Often ideas that, at first glance, seem disparate and contradictory pair beautifully. Like fried chicken and waffles.

1280px-chicken_and_waffles_201_-_evan_swigart

I raided my story folder and came up with some potential story parts:

  • Elder Care Robots

Scientists are developing robots to assist and comfort a disproportionately older population.

  • “Werewolf” Plants

Shrubs that produce sugary liquids to attract insects on nights with a full moon.

  • Space RV

Of Spaceballs fame. This just seems like it should be a thing.

Okay, here’s the tough part. How do these all fit together? How do they relate to the themes I want to explore? And how can they transform Don Quixote into a space adventure?

Try to pair themes you want to explore with ideas from your folder.

When in doubt, ask yourself, “how I can make this more sci-fi?” On a scale of one to sci-fi (or fantasy or romance or insert genre of your choosing here), go full sci-fi. You can always scale back later.

  • Windmills

Protagonist’s job is to mine energy from windmills on a very windy alien planet.

  • Self-delusion

An alien disease that eats at the protagonist’s cognition.

  • Trusty sidekick

An elder care robot.

  • Chaste Love

Loved one is out of his mind from progressed state of disease, and the protagonist must love “pure and chaste from afar.”

Or…the loved one is an alien with incompatible genitals.

  • Deception

There’s some sort of mystery that the protagonist must uncover before losing her mind.

Or…he knows a secret, but no one believes him.

As you may have noticed, after my first pass, I only found a spot for “elder care robots” in the story. But it’s shaping up.

Time for RVs and “werewolf plants” to earn their place in the story.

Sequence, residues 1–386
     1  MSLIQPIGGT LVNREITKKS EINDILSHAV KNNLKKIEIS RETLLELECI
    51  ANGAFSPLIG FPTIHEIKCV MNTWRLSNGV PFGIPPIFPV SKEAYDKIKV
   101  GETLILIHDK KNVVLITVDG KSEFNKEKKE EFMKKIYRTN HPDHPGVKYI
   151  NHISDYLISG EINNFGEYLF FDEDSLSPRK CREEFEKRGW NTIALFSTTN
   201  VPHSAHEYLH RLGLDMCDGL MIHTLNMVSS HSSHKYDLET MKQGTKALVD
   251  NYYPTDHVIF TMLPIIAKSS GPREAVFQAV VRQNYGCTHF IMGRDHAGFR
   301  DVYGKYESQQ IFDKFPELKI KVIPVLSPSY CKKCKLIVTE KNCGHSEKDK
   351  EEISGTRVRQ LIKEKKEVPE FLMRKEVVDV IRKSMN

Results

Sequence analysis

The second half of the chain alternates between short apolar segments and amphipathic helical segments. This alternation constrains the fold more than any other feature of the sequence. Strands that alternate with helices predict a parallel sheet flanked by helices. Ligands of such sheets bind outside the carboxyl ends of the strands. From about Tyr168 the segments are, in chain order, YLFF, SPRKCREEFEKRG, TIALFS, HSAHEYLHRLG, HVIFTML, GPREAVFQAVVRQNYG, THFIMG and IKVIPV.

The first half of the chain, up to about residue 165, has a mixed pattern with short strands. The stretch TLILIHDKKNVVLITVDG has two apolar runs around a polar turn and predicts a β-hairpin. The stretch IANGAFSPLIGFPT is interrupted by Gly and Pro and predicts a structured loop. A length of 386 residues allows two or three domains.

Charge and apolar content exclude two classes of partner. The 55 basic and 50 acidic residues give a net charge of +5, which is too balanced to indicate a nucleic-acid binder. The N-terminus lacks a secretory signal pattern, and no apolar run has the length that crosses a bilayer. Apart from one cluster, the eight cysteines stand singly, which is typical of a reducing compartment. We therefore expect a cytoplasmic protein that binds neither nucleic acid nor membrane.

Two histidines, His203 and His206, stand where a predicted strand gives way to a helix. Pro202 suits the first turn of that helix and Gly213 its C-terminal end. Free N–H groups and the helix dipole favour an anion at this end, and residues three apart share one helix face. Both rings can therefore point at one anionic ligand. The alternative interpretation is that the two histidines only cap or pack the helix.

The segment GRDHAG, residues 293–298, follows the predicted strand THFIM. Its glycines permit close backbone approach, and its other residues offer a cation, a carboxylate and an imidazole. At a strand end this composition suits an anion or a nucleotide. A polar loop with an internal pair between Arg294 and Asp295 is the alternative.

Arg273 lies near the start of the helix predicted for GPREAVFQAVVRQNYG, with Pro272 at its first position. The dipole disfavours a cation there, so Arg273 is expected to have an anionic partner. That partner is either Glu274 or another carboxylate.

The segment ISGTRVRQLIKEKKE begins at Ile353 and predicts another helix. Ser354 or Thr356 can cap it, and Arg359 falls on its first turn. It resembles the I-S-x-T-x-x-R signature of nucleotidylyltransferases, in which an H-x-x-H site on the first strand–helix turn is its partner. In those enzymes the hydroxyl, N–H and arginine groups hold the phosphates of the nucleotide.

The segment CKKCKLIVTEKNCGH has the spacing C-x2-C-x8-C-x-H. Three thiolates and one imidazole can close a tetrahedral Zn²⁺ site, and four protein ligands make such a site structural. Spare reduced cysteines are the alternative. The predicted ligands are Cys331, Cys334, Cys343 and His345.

• RV

Let’s see…she drives an RV from one windmill to another.

Why? Why not hang out at the same windmill?

The wind currents follow a predictable path. She follows the wind. Okay, that’s doable…

  • “Werewolf Plants”

They could grow along the path of the air currents which help spread their spores.

And what if the plant spores cause the disease?

Let’s make the disease similar to lycanthropy, but instead of a wolf, the disease slowly turns you into a plant.

Poor Unfortunate Souls ;(

Poor Unfortunate Souls ;(

Let’s review:

My space Don Quixote mines windmills for energy in an RV. It’s dangerous work because of the nearby plants whose airborne spores can transform you into a plant-person and eat away at your mind.

Space Donnie’s buddy is an elder-care robot. Donnie’s love is either delirious or an alien. Donnie uncovers some truth behind a deception. The truth will mostly likely relate to the plant-disease and have a serious impact on the loved one.

Step Four: Prep Your Pitch

Okay, let’s condense that to something simpler, a quick one-liner that will keep you focused and give you something to tell other wrimos when they ask what you’re writing. Here goes nothing:

Don Quixote in a space RV with werewolf plants.

Once you have your line, ask if it sounds like something you would want to read. Let’s hope so, because you’ll have to endure at least a whole month with it gnawing on your brain.

And go ahead, share your idea with other wrimos as I’ve done here.

Hell, take my idea if you’d like. We can compare notes (and word counts) at the end of the month.

Future Steps:

So, as you may have noticed, there are still quite a few questions that need to be answered before I can write this thing.

But I have a skeleton upon which I can flesh out my story.

My next step is character development. And that’s a doozy of a step. The goal is to create characters who will be most acutely tormented by the world you’ve created and the conflicts they’ll encounter.

Once the characters are in place, I tend to do a slapdash job of world-building and outline assembly.

Throughout planning and well into the writing and re-writing process, I’ll reassess how each of the idea components are working together.

Your ideas will misbehave. They’ll muss up your plotlines, wreak havoc on your world, and traumatize your characters.

But it’s going to be okay. Your story is salvageable. They’ll be time for red pens and worry on the other side of next month.

 

Until then, bring on November!